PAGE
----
Recently I was asked about methods to keep technology safe, due to the lack of privacy in the days we’re living in. I believe it’s integral for every person to be smart about their browsing habits, app usage and messaging systems.
We live in a world where personal information is currency. Once upon a time a telecommunications company had privacy policies which protected the clients using their service. Now, what we send goes easily to third parties.
Everything you type on a smartphone is logged for processing by the phone companies and any message you type or anything you say on a call could be used against you. Law enforcement and intelligence agencies have the ability to view the contents of encrypted devices and messaging and even request backdoor entry to your device.
Even Forbes and Fox News have confirmed that our phones are listening in on what we say, and it’s databased.
Follow the money
PayPal now owns Chinese firm GoPay, linking themselves into a Chinese finance market with questionable ties to the CCP. Additionally, PayPal has been giving monetary incentives to install their app on your phone. Why would PayPal be giving out $5 each person for phone installation of their apps? It all comes down to what you’re providing them.
Multimillion-dollar companies these days are the ones that are controlling the flow of information and your data is keeping them afloat. Like the saying goes, if it’s free then you’re the product.
So what can you do to prevent the data in your devices from being used against you?
Be smart with your tech
Turn off your location, Bluetooth and mobile data when you’re not using it. Or better yet, when you’re not expecting any calls, switch to Airplane mode.
Disabling Siri, Alexa and Facebook microphone usage always helps but you can secure your phone furthermore if you disable or uninstall the Google apps and Facebook apps (including What’s App).
Switch to a private messaging system. Signal has been extremely popular since What’s App recently changed their terms. It has a great design and messages are encrypted, but Elon Musk has been a large proponent of its use. The problem with this is Musk used to be the largest shareholder of PayPal and is no stranger to playing the big data game, not to mention his work with Neuralink is more than a little concerning relating to the exploitation of tech.
There are many encrypted messaging alternatives out there however, if you feel Signal raises red flags to you. Not Telegram though, they don’t automatically have encryption. FortKnoxster seems to be on the higher end of the security side of things and many of the smaller companies are doing a great job.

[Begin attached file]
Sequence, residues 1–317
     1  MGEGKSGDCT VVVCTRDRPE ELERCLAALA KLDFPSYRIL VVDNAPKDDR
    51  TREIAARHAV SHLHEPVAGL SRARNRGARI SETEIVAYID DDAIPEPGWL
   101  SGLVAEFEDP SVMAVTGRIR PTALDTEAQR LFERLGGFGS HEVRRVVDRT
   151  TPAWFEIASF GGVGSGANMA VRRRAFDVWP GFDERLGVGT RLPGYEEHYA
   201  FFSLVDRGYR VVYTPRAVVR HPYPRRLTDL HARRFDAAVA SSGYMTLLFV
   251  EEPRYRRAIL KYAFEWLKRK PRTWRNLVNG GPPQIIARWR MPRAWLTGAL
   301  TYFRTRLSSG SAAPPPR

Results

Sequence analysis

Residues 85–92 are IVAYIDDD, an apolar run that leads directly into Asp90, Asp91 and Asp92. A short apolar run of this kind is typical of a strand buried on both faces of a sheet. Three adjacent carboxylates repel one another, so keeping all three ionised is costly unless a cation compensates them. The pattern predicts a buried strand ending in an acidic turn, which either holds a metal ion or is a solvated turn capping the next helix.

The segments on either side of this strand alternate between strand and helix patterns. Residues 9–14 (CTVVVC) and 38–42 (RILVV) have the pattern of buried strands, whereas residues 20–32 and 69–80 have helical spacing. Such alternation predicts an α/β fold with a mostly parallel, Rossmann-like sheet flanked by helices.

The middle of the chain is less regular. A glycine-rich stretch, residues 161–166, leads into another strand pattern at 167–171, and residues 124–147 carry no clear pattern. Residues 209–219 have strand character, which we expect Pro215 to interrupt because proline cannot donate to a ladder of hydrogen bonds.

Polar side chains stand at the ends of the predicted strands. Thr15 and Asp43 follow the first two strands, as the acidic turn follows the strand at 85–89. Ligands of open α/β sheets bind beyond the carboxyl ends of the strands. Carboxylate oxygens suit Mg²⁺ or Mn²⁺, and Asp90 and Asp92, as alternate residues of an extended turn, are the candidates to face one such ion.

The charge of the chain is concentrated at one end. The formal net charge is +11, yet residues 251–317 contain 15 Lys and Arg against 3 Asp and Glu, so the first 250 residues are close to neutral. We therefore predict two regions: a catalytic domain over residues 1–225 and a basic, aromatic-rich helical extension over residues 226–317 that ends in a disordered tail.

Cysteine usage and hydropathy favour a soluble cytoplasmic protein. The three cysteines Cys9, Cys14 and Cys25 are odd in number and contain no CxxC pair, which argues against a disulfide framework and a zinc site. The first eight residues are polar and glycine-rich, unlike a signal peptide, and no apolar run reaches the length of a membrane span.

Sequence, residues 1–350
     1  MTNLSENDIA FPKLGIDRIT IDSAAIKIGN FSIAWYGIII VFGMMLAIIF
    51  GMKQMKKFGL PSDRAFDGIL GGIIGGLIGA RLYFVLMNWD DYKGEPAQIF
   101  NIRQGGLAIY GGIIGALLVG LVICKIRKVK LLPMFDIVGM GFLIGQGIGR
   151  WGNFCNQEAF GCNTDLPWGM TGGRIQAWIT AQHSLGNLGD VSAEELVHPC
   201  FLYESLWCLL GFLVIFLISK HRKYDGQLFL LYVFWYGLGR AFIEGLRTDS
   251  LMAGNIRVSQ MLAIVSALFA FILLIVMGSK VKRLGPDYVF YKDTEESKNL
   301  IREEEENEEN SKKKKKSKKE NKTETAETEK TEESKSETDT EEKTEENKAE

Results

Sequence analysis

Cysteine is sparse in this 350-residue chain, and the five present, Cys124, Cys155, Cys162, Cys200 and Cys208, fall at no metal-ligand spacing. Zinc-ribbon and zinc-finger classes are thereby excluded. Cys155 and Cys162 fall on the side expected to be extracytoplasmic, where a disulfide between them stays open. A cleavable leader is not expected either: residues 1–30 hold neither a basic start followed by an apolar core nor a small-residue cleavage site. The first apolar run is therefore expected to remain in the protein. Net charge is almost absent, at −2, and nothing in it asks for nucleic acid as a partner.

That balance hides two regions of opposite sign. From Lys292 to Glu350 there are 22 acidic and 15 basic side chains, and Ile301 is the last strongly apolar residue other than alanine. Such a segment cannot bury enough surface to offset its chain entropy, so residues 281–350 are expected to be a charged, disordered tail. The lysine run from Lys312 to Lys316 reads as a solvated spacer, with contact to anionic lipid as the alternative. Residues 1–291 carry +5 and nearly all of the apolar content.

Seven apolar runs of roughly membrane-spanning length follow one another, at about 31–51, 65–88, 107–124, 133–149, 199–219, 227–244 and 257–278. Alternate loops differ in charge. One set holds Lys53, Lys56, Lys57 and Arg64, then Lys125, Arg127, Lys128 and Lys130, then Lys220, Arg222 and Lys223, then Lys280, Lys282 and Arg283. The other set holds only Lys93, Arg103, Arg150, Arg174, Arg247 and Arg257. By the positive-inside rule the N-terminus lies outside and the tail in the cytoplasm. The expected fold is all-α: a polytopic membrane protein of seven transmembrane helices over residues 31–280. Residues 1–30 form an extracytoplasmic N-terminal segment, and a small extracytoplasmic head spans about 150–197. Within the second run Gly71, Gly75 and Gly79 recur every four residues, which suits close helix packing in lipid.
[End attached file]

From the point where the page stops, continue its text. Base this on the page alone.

Steer clear of the big web browsers which track you. These are: Safari, Firefox (and other Mozilla owned tech), Chrome, Edge (and other Microsoft browsers like Explorer). Tor browsers are fantastic for extra security but they’re slow. Duckduckgo and Brave are secure faster browsers.
Speaking of which, stop using Google for all your searches. Results are tweaked and biased and your browsing information is sold. Duckduckgo and StartPage, the Dutch search engine, are touted as two of the best. Swisscows and Disconnect Search are also great alternatives.
If you can, get off of Outlook, Live, Hotmail, Gmail and other big named email providers. Don’t be sucked in by the accessibility. Redirect your email to something secure like Protonmail.
Make the switch today
There are moral reasons to stop supporting these big tech companies, even if you don’t mind your data being leaked. Google is well known for blackmailing with their search ratings (they threatened Forbes when they were going to run a negative story about them). Google and other big tech companies avoid taxes. Many Christian YouTube channels have been demonetised by Google at their whim.
Please think about these important things which matter infinitely more than convenience big tech companies provide. We are giving Google, Facebook, Apple, Microsoft and others the money and the power to be completely above the law. Google had once had their slogan as ‘do no evil’ and now it seems like evil is the front cover of their playbook.
Not only do we need to be safe about the information we provide, but we also need to make our vote count. We need to say no to being tracked, we need to say no to being exploited and we need to say no to using being tech.
Bridget Brenton from Brisbane has been for many years a young writer then an Over 31 writer and now a Panellist marking for the annual awards.